Facebook names first members of oversight board that can overrule Zuckerberg

By Elizabeth Culliford

(Reuters) – Facebook Inc’s new content oversight board will include a former prime minister, a Nobel Peace Prize laureate and several constitutional law experts and rights advocates among its first 20 members, the company announced on Wednesday.

The independent board, which some have dubbed Facebook’s “Supreme Court,” will be able to overturn decisions by the company and Chief Executive Mark Zuckerberg on whether individual pieces of content should be allowed on Facebook and Instagram.

Facebook has long faced criticism for high-profile content moderation issues. They range from temporarily removing a famous Vietnam-era war photo of a naked girl fleeing a napalm attack, to failing to combat hate speech in Myanmar against the Rohingya and other Muslims.

The oversight board will focus on a small slice of challenging content issues including hate speech and harassment and people’s safety.

Facebook said the board’s members have lived in 27 countries and speak at least 29 languages, though a quarter of the group and two of the four co-chairs are from the United States, where the company is headquartered.

The co-chairs, who selected the other members jointly with Facebook, are former U.S. federal circuit judge and religious freedom expert Michael McConnell, constitutional law expert Jamal Greene, Colombian attorney Catalina Botero-Marino and former Danish Prime Minister Helle Thorning-Schmidt.

Among the initial cohort are: former European Court of Human Rights judge András Sajó, Internet Sans Frontières Executive Director Julie Owono, Yemeni activist and Nobel Peace Prize laureate Tawakkol Karman, former editor-in-chief of the Guardian Alan Rusbridger, and Pakistani digital rights advocate Nighat Dad.

Nick Clegg, Facebook’s head of global affairs, told Reuters in a Skype interview the board’s composition was important but that its credibility would be earned over time.

“I don’t expect people to say, ‘Oh hallelujah, these are great people, this is going to be a great success’ – there’s no reason anyone should believe that this is going to be a great success until it really starts hearing difficult cases in the months and indeed years to come,” he said.

The board will start work immediately and Clegg said it would begin hearing cases this summer.

The board, which will grow to about 40 members and which Facebook has pledged $130 million to fund for at least six years, will make public, binding decisions on controversial cases where users have exhausted Facebook’s usual appeals process.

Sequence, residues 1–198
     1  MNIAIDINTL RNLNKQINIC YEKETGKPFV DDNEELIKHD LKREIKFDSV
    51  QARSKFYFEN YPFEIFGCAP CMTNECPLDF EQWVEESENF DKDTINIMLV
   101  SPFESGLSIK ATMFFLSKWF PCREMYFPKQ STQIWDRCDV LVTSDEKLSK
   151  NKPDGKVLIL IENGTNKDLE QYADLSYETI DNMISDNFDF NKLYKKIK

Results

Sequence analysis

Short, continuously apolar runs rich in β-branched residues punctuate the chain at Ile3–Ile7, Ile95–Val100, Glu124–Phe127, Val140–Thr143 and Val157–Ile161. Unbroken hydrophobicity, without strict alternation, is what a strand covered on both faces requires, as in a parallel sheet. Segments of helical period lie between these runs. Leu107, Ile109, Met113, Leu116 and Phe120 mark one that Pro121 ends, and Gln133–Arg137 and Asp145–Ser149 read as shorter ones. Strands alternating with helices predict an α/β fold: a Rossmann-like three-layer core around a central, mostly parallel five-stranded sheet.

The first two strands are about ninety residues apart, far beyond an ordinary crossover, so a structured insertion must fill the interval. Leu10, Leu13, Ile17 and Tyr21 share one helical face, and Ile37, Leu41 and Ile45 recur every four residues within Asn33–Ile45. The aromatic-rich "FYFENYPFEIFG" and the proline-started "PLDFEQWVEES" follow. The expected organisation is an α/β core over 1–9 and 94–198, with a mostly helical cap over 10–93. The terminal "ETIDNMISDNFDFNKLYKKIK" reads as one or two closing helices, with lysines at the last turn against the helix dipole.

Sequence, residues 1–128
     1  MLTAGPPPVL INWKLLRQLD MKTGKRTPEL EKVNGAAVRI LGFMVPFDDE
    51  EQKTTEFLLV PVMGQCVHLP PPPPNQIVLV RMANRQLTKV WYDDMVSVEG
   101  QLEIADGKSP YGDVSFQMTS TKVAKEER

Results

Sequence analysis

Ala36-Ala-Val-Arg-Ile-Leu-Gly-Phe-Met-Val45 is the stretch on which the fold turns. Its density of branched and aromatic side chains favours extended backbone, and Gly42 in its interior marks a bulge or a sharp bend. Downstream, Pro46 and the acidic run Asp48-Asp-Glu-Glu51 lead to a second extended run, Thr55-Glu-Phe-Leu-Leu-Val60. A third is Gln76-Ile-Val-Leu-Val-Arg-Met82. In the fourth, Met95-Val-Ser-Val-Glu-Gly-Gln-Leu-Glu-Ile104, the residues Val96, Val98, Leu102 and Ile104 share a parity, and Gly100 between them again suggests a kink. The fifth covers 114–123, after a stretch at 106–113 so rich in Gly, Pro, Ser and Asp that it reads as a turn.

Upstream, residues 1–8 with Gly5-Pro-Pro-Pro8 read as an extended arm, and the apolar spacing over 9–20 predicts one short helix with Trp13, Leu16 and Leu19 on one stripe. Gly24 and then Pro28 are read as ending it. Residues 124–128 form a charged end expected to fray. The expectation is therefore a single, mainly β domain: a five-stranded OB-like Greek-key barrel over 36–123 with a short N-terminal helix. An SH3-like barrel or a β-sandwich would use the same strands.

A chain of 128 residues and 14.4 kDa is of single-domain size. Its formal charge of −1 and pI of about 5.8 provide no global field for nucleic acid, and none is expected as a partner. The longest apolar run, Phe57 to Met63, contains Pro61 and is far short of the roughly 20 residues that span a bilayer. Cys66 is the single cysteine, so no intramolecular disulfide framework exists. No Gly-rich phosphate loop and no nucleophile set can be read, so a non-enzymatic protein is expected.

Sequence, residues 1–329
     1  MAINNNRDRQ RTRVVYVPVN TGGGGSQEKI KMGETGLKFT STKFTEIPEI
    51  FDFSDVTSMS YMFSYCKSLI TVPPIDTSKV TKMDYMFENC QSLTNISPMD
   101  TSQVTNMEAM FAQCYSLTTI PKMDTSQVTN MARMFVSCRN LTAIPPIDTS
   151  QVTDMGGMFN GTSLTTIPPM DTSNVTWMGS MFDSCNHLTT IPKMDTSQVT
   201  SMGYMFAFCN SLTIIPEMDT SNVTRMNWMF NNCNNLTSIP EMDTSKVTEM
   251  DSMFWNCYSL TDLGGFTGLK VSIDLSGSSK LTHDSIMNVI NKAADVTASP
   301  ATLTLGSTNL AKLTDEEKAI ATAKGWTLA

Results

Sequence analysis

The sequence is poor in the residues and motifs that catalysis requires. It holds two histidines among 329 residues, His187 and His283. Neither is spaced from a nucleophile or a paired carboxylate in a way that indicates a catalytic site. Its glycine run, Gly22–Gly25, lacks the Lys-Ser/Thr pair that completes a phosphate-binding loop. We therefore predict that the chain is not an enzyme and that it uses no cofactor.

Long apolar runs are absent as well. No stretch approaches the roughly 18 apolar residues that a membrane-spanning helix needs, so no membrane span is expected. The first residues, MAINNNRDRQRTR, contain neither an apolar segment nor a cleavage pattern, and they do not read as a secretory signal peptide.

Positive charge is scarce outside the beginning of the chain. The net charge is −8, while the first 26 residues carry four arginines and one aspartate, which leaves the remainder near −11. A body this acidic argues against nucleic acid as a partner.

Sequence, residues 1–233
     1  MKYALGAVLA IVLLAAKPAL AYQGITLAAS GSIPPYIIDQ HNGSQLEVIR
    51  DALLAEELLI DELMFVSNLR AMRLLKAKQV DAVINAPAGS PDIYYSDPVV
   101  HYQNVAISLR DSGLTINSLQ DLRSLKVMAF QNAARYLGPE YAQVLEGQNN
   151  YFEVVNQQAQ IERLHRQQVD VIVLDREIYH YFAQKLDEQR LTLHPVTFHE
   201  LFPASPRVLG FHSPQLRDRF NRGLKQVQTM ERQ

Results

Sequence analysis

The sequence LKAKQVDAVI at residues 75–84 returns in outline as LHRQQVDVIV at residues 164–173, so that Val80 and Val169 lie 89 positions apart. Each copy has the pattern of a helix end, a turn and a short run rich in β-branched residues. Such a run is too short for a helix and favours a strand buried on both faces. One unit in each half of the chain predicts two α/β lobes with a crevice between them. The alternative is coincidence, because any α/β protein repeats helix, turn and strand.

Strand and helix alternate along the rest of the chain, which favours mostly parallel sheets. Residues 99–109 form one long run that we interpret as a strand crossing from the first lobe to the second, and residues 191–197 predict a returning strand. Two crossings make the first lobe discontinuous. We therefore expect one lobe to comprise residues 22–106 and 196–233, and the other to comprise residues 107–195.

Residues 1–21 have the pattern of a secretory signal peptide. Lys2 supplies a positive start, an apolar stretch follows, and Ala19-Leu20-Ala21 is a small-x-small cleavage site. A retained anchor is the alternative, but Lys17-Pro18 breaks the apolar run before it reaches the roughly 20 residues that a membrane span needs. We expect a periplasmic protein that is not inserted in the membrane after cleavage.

The company can also refer significant decisions to the board, including on ads or on Facebook groups. The board can make policy recommendations to Facebook based on case decisions, to which the company will publicly respond.

Initially, the board will focus on cases where content was removed and Facebook expects it to take on only “dozens” of cases to start, a small percentage of the thousands it expects will be brought to the board.

“We are not the internet police, don’t think of us as sort of a fast-action group that’s going to swoop in and deal with rapidly moving problems,” co-chair McConnell said on a conference call.

The board’s case decisions must be made and implemented within 90 days, though Facebook can ask for a 30-day review for exceptional cases.

“We’re not working for Facebook, we’re trying to pressure Facebook to improve its policies and its processes to better respect human rights. That’s the job,” board member and internet governance researcher Nicolas Suzor told Reuters. “I’m not so naive that I think that that’s going to be a very easy job.”

He said board members had differing views on freedom of expression and when it can legitimately be curtailed.

John Samples, vice president of the libertarian Cato Institute, has praised Facebook’s decision not to remove a doctored video of U.S. House Speaker Nancy Pelosi. Sajó has cautioned against allowing the “offended” to have too much influence in the debate around online expression.

Some free speech and internet governance experts told Reuters they thought the board’s first members were a diverse, impressive group, though some were concerned it was too heavy on U.S. members. Facebook said one reason for that was that some of its hardest decisions or appeals in recent years had begun in America.

“I don’t feel like they made any daring choices,” said Jillian C. York, the Electronic Frontier Foundation’s director of international freedom of expression.

Jes Kaliebe Petersen, CEO of Myanmar tech-focused civil society organization Phandeeyar, said he hoped the board would apply more “depth” to moderation issues, compared with Facebook’s universal set of community standards.